The last time I was scouring the pristine aisles of an otherwise cramped grocery store, I neglected to think about the origins of the food I was buying. Who put the time and effort into growing the fruit, I carelessly tossed in my fridge? How much do they really get paid and is it enough to sustain an entire family? Just how painstakingly arduous is it to cultivate sugarcanes? Sugar, though lacking in beneficial nutrients, never fails to make its way into my morning coffee and tea. Never mind my reckless consumption of all things deliciously sweet, the real issue at hand is that Fair Trade is still something I don’t pay much attention to.
A friend who is an active humanitarian once told me that by drinking non-fair-trade coffee, I may as well be consuming the tears of a coffee bean farmer. Needless to say, she made a fair point.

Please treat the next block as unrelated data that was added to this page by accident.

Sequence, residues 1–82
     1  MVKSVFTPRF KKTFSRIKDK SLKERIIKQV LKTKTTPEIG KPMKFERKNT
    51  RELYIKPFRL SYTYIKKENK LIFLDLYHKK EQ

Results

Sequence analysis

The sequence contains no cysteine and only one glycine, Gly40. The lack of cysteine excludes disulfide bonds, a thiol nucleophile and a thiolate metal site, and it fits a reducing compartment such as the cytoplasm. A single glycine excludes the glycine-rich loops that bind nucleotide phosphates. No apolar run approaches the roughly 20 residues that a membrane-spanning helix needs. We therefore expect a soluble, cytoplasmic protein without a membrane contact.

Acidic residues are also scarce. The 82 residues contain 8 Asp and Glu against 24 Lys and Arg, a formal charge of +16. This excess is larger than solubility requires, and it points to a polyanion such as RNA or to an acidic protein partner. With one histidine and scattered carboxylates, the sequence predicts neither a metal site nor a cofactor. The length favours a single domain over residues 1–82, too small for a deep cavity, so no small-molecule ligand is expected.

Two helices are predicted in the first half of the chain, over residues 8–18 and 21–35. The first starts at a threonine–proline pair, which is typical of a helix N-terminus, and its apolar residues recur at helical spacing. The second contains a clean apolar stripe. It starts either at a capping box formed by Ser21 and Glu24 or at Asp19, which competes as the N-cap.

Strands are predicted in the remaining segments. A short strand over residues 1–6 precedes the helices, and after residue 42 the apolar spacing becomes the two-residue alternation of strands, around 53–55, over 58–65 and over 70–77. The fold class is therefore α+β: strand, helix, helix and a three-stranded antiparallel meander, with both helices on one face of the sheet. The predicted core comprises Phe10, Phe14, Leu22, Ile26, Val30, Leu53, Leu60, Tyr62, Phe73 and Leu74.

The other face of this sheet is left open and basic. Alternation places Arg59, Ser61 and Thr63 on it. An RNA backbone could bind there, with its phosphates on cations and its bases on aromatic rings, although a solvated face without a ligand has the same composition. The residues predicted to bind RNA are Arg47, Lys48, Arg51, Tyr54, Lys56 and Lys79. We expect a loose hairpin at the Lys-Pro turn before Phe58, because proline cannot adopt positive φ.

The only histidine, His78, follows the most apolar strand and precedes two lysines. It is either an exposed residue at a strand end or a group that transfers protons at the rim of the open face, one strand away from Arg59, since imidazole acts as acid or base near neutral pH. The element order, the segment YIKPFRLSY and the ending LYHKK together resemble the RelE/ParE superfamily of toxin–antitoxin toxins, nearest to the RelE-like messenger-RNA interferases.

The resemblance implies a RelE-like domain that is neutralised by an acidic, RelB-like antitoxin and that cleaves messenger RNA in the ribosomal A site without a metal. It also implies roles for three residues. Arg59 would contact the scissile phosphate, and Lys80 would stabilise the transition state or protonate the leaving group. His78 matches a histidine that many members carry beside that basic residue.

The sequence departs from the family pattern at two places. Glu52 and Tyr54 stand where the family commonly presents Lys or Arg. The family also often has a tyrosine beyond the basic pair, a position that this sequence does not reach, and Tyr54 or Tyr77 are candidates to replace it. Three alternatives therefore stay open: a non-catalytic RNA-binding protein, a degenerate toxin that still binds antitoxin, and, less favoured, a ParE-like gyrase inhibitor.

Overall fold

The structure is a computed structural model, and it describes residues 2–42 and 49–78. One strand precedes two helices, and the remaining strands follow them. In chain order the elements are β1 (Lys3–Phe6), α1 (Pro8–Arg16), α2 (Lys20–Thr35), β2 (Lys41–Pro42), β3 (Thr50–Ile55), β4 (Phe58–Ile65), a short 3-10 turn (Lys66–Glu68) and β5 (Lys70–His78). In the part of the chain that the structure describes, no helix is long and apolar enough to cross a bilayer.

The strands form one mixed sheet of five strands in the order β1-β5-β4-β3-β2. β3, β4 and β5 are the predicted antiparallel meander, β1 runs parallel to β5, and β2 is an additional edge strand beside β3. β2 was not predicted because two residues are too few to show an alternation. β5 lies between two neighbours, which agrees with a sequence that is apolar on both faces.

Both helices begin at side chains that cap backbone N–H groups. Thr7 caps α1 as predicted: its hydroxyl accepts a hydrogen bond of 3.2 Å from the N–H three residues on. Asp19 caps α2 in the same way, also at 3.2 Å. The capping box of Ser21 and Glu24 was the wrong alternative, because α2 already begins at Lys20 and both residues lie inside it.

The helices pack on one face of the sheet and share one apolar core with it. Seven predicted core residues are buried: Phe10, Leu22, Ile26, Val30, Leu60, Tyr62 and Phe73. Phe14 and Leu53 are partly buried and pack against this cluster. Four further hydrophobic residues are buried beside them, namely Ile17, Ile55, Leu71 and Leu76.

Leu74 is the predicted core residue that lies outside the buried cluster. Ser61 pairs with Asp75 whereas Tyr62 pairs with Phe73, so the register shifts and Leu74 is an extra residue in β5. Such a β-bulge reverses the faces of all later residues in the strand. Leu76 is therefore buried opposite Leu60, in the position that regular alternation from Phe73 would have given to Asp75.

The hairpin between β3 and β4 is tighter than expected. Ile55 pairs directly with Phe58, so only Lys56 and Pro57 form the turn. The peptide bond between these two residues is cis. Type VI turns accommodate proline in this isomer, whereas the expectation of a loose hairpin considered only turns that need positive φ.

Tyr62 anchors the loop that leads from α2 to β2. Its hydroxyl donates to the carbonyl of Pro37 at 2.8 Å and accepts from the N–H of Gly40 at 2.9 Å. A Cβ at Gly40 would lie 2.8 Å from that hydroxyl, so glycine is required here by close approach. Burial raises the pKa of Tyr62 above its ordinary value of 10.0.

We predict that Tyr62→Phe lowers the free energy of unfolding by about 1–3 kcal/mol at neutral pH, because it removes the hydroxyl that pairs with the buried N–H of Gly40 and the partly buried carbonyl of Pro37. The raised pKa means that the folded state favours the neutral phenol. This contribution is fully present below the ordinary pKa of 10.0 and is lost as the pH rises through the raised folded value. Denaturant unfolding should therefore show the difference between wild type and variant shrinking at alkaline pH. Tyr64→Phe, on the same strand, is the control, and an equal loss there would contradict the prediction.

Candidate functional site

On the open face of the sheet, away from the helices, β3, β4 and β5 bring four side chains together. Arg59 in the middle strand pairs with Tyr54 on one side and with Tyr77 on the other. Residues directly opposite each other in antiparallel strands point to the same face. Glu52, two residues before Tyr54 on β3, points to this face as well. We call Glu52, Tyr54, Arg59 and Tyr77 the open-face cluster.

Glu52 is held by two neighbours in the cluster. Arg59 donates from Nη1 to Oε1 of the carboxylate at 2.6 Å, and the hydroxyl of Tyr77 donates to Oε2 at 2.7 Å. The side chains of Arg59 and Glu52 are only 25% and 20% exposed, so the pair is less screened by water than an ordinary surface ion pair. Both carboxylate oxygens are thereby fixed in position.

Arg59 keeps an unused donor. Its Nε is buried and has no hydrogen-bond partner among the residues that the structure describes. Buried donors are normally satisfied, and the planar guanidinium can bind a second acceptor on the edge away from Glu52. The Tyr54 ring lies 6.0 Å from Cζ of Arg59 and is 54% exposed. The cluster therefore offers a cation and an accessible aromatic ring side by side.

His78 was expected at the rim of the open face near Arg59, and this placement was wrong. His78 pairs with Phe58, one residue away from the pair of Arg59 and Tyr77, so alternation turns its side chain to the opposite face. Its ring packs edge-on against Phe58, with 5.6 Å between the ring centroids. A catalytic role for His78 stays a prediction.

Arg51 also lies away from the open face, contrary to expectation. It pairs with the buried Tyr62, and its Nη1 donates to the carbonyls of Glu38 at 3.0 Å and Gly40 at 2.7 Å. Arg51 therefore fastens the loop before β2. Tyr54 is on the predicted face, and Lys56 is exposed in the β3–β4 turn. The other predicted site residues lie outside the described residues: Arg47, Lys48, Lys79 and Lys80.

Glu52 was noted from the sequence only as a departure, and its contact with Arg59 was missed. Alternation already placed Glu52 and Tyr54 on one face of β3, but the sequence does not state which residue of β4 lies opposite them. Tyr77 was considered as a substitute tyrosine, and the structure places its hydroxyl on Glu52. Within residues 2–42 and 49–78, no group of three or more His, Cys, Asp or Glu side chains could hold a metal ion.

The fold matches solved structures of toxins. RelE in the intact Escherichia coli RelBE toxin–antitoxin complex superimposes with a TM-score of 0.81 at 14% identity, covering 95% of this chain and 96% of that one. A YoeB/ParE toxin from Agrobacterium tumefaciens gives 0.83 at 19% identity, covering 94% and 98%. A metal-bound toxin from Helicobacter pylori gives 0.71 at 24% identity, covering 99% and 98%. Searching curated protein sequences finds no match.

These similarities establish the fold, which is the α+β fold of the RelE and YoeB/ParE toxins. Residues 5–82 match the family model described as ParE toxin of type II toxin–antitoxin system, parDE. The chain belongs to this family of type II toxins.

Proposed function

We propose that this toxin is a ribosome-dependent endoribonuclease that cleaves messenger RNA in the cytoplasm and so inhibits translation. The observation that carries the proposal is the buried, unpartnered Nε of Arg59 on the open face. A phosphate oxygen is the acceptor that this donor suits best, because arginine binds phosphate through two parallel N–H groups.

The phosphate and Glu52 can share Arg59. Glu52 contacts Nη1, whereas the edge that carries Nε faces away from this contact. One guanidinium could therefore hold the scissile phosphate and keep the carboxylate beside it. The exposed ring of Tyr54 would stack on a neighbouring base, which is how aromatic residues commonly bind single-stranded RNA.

A feature, published in the Japan Times that profiled well known Japanese food blogger, Yu Nakamura, details her journey to Thailand where her encounter with a struggling coconut sugar farmer, led to her establish Coconuts Nakamura; an enterprise whereby coconut sugar would be exported to Japan and Europe. Two countries where the demand for such produce is considerably high.
The main objective of Nakamura’s business is to help farmers achieve higher profit margins as the sugar initially sold for a very low market value; definitely not worth the immense blood sweat, and tears needed to extract the sugar in the first place. With coconut sugar having a low glycemic index, it has become a favorable alternative to the original kind.
While ensuring that farmers are being rewarded, the exports would keep the next generations deeply rooted in agriculture. Nakamura’s story is a perfect example of how one can actively get involved to maintain equilibrium to the pay scale of a manual laborer, not to mention one heck of a motivator.